Pallet Board Kitchen Island and Backsplash

by Dejayz
8 Materials
1 Day
First I got Pallet board basically for free from a supply place that had the wood in between stacks on pallets. Then I chose 4 different color stains. The walls in the kitchen are a Latte Color with Honey hardwood floors and brown cabinets. I chose Kona, Summer, Oak, Cognac and Golden Mahogany.

I wanted to get rid of the bead board island look. First I stained about 6 pieces in each of the colors and then let them dry 1 coat seemed to be efficient. I did not sand them smooth cause I wanted the rough look. I did the island first.
Wall Color
Wall and Cabinet Color
I removed the trim and then started in the sides of the island first, I figured that would be the best way to approach this. I kept the bead board to use as backing for the wood I figured it would be easier and then I used Liquid Nails (heavy duty). To keep the top row from sliding I had to use finishing nails to keep the boards secure. Then I started cutting random sizes and tried my best to give it a staggered look.
First side finished
The side with the light switch was a little tricky for me because the wood was just a tad bit too wide and I had to try to cut out the corners with a jigsaw so it would fit around the switch plate. It came out a little crooked but since the light switch plate is black I spray painted the bead board in that area black and then blacked out the ends so it would cover up my mistake.
The front took a little more imagination due to the fact that the middle piece of the bead board kept bending back when I would apply pressure or even try to nail the wood to it so I had to build a support behind the bead board and then take it from there.

Since liquid nails did not seem to work best someone suggested Power Grip Ultimate adhesive. I still had to secure the top row with finishing screws because the nails would not seem to work on the front. I made the top row Kona all the way around so this way the finishing screws blended in with the stain.
I cut, glued and staggered and then once finished I framed it out on the ends.
Ends framed out
The back splash was alot easier however, this time my neighbor who has a table saw was nice enough to cut the thinner pieces for me at the bottom instead of me trying to cut a straight line for the length of the wood with a jigsaw. I did not seem to get the staggering I wanted with the back splash on the one end due to all the plugs and switches but it still looks good. At least I think so!icon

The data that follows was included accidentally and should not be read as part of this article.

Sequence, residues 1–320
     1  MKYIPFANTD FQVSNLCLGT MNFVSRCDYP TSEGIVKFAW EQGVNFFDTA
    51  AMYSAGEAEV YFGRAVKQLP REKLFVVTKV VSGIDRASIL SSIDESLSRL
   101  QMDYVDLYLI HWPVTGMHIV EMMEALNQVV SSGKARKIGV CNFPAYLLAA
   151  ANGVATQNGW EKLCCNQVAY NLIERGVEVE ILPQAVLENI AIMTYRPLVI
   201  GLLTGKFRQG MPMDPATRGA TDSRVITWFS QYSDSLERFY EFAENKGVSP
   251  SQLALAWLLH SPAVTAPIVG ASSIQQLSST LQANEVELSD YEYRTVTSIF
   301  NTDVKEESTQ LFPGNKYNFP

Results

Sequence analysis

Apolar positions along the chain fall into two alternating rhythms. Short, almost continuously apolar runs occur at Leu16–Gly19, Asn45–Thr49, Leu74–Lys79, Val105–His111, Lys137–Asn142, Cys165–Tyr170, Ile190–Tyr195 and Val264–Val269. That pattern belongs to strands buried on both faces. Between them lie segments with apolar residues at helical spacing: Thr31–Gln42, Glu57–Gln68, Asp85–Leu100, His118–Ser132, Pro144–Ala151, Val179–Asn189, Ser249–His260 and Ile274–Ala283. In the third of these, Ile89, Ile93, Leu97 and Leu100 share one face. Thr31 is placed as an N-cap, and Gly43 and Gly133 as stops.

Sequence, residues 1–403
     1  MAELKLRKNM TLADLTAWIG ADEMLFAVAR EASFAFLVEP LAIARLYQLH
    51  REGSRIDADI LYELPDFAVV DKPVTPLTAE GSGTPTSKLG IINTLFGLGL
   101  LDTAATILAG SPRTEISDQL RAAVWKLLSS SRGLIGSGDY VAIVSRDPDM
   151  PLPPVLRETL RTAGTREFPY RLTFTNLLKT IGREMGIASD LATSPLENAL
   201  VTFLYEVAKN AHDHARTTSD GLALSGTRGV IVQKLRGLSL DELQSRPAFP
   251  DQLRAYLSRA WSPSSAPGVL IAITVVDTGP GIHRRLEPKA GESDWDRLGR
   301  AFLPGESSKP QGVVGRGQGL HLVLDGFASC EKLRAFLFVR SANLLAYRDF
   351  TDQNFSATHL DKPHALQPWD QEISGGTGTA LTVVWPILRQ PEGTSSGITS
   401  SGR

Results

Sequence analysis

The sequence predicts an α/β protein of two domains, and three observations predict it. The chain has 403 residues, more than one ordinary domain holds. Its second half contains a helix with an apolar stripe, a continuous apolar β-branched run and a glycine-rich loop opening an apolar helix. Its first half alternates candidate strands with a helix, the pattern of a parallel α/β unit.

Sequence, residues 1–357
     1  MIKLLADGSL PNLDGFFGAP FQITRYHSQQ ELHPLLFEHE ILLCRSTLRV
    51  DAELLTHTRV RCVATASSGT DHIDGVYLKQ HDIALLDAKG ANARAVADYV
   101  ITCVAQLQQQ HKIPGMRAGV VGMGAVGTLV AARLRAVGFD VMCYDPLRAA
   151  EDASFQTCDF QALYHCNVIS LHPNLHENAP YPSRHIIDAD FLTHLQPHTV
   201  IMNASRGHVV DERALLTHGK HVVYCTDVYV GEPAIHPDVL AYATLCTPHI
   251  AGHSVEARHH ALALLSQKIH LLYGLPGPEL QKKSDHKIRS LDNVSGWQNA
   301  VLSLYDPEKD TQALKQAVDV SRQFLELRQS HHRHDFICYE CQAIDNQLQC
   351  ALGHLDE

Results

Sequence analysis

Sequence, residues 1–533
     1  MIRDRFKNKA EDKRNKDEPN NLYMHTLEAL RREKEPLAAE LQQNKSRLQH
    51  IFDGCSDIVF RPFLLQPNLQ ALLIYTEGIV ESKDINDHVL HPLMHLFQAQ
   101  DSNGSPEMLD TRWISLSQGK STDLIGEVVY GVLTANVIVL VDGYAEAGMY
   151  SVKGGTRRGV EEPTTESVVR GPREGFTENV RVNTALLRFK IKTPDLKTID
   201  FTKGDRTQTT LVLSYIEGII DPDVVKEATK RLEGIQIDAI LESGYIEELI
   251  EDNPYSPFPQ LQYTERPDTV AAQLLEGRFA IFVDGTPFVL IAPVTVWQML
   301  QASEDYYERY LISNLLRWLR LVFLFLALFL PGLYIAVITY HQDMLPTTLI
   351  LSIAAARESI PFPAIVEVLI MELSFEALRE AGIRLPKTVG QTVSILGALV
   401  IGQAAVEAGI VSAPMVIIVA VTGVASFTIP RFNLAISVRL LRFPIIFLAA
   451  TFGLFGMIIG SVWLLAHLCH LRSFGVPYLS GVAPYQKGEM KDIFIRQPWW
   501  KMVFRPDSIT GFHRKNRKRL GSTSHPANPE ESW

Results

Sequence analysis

Finished back splash

Once all the wood was applied I then used Minwax oil based poly for indoor/outdoor to coat the island and the back splash with a Gloss finish. I applied 4 coats to the back splash to make sure it would water proof it and 2 coats on the island

For someone who has never done this before it turned out really great.icon
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3 of 6 questions
  • Alye29 Alye29 on Jun 11, 2017

    Just a suggestion for others that may try this on the backsplash. Start on the bottom and move to the top. The uneven, cut boards will be hidden under top cabinets

  • Debbie Spilsbury Debbie Spilsbury on Jun 11, 2017

    Oops, forgot to ask.....but is this for your own home, DeeJay, or did Yu do this for a friend? I'm always amazed at the labors of love from a loved one to another -- or the selfless act of service just for the joy of giving to a friend -- and since you're a part of the healing and giving art as a Massage Therapist, I just assumed it wasn't solely for you. I'm right, aren't I?

  • Sadie Lynn Sadie Lynn on Jul 02, 2017

    How did you manage to get the pallets apart? I tried taking them apart and the wood kept breaking.

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2 of 78 comments
  • Sandra Frosch Sandra Frosch on Jan 27, 2019

    I’m seeing a lot of unstained areas peaking out. I suggest the ends and sides of the pieces should be stained too.

  • Jessica Jessica on Apr 12, 2020

    Oh, I LOVE it! Thanks for sharing this gorgeous DIY